Fear of COVID-19 virus mutation

The virus responsible for COVID-19, which is called SARS-CoV-2 has not mutated sufficiently to cause a problem. This should be good news for the development of effective vaccines. The evidence for this has been provided by analysis work from the MRC's University of Glasgow Centre for Virus Research.

One type of COVID-19 virus

Recent research published in Virus Evolution had suggested that more than one type of SARS-CoV-2 was now circulating in the pandemic, with one strain being more aggressive and causing more serious illness than the other. However, using analysis of virus samples, scientists have been able to show that only one type of the virus is currently circulating. 

Viruses, including the one causing COVID-19, naturally accumulate mutations in their genetic sequence as they spread through populations. However, most of these changes will have no effect on the virus biology or the aggressiveness of the disease they cause. 

It is important people are not concerned about virus mutations

Earlier this year, it was reported that scientists had found two or three strains of SARS-CoV-2 circulating in the population, evidenced by certain mutations that had been detected. Mutations can be detected by observing changes in the genetic sequence using a new technique known as GLUE, which is a bioinformatics method for determining virus sequence data.


According to this form of data (following extensive analysis of the virus genomes), the scientists have demonstrated that the  mutations that were detected are unlikely to have any functional significance, and importantly, don’t represent different virus types. 

CoV-GLUE tracks SARS-CoV-2’s amino acid replacements, insertions and deletions, which have been observed in samples from the pandemic. To date the database has catalogued 7,237 mutations in the pandemic. While this may sound like a lot of change, scientists confirm that it is a relatively low rate of evolution for an RNA virus, and they expect more mutations will continue to accumulate as the pandemic continues.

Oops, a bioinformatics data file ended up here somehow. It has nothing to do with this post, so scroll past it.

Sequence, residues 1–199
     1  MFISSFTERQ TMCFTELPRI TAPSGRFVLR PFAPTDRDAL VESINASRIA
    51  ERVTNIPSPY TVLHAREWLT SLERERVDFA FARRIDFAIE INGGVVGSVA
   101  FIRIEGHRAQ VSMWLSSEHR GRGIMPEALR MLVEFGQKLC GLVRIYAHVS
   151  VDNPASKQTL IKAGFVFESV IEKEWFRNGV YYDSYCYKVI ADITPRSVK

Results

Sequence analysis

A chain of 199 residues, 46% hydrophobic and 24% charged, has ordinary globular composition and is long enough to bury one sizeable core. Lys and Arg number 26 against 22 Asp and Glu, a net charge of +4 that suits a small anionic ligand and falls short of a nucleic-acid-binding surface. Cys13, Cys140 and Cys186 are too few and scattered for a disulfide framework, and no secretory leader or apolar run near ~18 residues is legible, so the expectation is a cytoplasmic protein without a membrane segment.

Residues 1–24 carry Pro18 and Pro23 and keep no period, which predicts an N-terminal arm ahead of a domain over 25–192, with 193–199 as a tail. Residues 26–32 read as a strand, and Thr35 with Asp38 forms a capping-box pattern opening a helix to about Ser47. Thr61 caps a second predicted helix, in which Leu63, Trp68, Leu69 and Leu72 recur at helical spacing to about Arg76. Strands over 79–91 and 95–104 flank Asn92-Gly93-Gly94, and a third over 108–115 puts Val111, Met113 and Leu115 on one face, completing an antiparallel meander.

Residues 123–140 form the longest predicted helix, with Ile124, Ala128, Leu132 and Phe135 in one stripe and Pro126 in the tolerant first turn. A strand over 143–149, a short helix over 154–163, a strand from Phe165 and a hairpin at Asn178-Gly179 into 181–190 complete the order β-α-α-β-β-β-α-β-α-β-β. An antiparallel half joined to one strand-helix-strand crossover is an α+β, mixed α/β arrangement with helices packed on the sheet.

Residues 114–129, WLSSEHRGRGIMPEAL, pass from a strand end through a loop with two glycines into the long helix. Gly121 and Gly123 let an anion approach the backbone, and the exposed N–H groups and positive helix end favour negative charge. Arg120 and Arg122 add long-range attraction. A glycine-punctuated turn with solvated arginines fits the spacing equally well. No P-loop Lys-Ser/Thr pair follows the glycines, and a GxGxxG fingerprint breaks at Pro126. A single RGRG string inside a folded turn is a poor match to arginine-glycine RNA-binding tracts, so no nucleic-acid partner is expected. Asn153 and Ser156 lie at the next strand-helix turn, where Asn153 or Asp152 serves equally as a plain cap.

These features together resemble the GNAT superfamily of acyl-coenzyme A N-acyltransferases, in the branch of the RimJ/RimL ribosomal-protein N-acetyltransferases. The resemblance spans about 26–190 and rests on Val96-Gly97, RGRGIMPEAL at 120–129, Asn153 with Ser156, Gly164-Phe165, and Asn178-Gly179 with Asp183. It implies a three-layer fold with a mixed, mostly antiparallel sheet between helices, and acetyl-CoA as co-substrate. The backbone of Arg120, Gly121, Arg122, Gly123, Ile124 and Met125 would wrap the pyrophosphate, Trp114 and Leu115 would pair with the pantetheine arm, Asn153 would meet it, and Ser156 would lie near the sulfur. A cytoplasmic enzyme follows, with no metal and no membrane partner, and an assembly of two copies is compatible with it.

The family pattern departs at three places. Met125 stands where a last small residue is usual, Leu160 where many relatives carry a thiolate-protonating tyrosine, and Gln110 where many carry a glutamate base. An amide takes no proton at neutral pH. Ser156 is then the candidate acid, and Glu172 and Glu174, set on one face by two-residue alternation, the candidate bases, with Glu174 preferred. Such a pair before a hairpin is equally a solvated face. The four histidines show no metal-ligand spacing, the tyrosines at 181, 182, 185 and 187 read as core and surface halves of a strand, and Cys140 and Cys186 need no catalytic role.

On average, most observed mutations would be expected to have no, or minimal consequence to the virus’s biology. However, tracking these changes can help scientists better understand the virus pandemic and how COVID-19 is spreading in the community.

Dr Oscar MacLean said: “By analysing the extensive genetic sequence variation present in the genomes of the SARS-CoV-2 virus, the evolutionary analysis shows why these claims that multiple types of the virus are currently circulating are unfounded. It is important people are not concerned about virus mutations – these are normal and expected as a virus passes through a population. However, these mutations can be useful as they allow us to track transmission history and understand the historic pattern of global spread.” 

An organic compound that is the basic building block of all proteins. Full medical glossary
The basic unit of genetic material carried on chromosomes. Full medical glossary
Relating to the genes, the basic units of genetic material. Full medical glossary
A change in the genetic material (DNA) of a cell, or the change this this causes in a characteristic of the individual, which is not caused by normal genetic processes. Full medical glossary
An outbreak of infection that affects numerous people in different countries. Full medical glossary
septic arthritis Full medical glossary
A microbe that is only able to multiply within living cells. Full medical glossary